To optimize sintering processes, Fraunhofer IKTS uses a variety of instrumented furnaces on a pilot-plant scale and thermoanalytical methods on a laboratory scale. Changes in the properties of the materials of interest are analyzed in relation to temperature, time, atmosphere and other process parameters (component size, furnace workload, among others) and the influence of these parameters on the product properties are determined. Particularly for the steps of debinding, outgassing and sintering, the results make it possible to control and optimize technical processes on a production scale.
When producing ceramics, precise knowledge of the shrinkage behavior during sintering and thus of the change in density is of particular interest. Thermodilatometric examinations on a pilot-plant and laboratory scale, for example, provide information on when sintering begins and ends, which helps to optimize the sintering processes for energy-efficient and cost-effective production. Other methods can be applied that describe the kinetics of sintering and allow to calculate the change in length for any temperature-time profile. This makes assessing temperature-time profiles possible without time-consuming laboratory-scale experiments or pilot-plant trials. This is demonstrated by characterizing, modeling and optimizing the sintering behavior of silicon nitride ready-to-press granules (Si3N4 RTP) provided by Industriekeramik Hochrhein GmbH based on the Si3N4 powder Silzot HQ of AlzChem Group AG. This involved determining the shrinkage behavior of debindered green bodies in the process dilatometer of a gas pressure sintering furnace at three different heating rates. The dilatometer was made of boron nitride (BN)-coated graphite. Figure 2 shows the results.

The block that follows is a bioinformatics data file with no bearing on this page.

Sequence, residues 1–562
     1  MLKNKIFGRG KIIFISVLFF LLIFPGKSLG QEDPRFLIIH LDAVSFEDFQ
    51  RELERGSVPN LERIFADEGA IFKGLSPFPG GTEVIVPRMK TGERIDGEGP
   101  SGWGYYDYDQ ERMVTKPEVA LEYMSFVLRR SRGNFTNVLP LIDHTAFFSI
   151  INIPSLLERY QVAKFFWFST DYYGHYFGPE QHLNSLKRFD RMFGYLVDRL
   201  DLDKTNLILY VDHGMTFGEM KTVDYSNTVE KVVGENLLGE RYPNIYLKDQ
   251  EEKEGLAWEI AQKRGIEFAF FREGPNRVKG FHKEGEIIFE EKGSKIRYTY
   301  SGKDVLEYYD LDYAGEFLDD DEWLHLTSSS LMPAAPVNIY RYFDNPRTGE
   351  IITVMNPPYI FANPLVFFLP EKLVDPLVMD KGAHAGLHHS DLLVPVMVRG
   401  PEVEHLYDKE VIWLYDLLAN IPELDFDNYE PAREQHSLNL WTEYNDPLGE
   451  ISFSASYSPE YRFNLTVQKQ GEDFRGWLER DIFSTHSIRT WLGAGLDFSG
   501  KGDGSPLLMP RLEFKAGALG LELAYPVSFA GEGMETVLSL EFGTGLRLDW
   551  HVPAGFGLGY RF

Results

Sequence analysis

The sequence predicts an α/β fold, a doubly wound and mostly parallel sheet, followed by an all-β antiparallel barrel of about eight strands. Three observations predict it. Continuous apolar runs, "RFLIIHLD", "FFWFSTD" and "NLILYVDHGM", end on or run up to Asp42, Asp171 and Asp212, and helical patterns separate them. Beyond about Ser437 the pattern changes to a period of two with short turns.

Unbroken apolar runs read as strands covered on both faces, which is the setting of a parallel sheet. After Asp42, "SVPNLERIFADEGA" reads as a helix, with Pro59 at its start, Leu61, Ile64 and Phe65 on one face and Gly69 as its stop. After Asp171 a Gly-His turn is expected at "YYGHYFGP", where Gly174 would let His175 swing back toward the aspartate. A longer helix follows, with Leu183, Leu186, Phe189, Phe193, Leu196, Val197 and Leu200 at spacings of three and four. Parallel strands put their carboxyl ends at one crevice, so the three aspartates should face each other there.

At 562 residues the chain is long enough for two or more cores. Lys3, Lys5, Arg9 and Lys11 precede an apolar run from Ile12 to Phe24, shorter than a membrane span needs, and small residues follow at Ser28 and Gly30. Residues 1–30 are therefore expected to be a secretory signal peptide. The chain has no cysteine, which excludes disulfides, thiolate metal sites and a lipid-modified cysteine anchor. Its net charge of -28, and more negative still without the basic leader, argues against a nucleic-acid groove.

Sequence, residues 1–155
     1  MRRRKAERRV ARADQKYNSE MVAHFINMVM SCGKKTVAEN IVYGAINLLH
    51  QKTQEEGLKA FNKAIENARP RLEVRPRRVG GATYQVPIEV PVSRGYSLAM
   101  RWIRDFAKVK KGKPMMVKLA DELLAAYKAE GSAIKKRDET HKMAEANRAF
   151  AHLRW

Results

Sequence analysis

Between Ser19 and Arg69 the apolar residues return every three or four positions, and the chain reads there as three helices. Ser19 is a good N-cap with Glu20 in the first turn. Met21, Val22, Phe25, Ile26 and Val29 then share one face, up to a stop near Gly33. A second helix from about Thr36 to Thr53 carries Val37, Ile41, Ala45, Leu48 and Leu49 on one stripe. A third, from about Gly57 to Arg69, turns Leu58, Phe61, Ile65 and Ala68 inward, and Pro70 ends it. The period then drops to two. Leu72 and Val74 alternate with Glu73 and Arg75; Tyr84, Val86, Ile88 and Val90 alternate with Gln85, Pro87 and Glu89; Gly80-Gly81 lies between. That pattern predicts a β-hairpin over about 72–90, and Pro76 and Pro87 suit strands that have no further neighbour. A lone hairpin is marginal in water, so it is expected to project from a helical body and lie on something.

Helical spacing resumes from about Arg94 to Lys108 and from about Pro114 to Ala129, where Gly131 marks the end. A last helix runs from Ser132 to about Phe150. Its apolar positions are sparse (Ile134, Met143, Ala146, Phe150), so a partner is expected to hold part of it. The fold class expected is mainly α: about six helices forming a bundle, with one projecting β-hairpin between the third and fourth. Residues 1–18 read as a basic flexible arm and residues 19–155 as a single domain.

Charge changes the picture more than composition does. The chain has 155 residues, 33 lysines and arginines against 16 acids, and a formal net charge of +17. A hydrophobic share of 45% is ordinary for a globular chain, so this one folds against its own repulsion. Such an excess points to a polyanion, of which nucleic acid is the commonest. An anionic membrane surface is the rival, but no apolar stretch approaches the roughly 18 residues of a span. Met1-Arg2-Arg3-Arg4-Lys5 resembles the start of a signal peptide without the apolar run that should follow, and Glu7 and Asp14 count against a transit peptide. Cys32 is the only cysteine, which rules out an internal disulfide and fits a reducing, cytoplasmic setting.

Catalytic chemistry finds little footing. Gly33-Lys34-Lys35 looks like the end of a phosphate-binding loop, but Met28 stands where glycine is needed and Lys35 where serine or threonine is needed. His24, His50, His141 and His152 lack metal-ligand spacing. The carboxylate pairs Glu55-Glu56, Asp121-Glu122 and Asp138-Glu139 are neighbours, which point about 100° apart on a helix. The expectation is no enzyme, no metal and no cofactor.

To calculate the minimum possible sintering time until closed porosity is achieved for various production scenarios (e.g. thinwalled or thick-walled products, dense or loose furnace workload), the shrinkage curves were evaluated using various methods (master sintering curves and formal thermokinetics). The modeling was used to design optimized sintering regimes. One approach consists in calculating simplified temperaturetime profiles for a constant sintering speed (RCS: rate-controlled sintering). Such profiles (Figure 3) are characterized by timesaving process management. Additionally, cracks and similar defects become more rare because they often arise from high stresses caused by high sintering rates.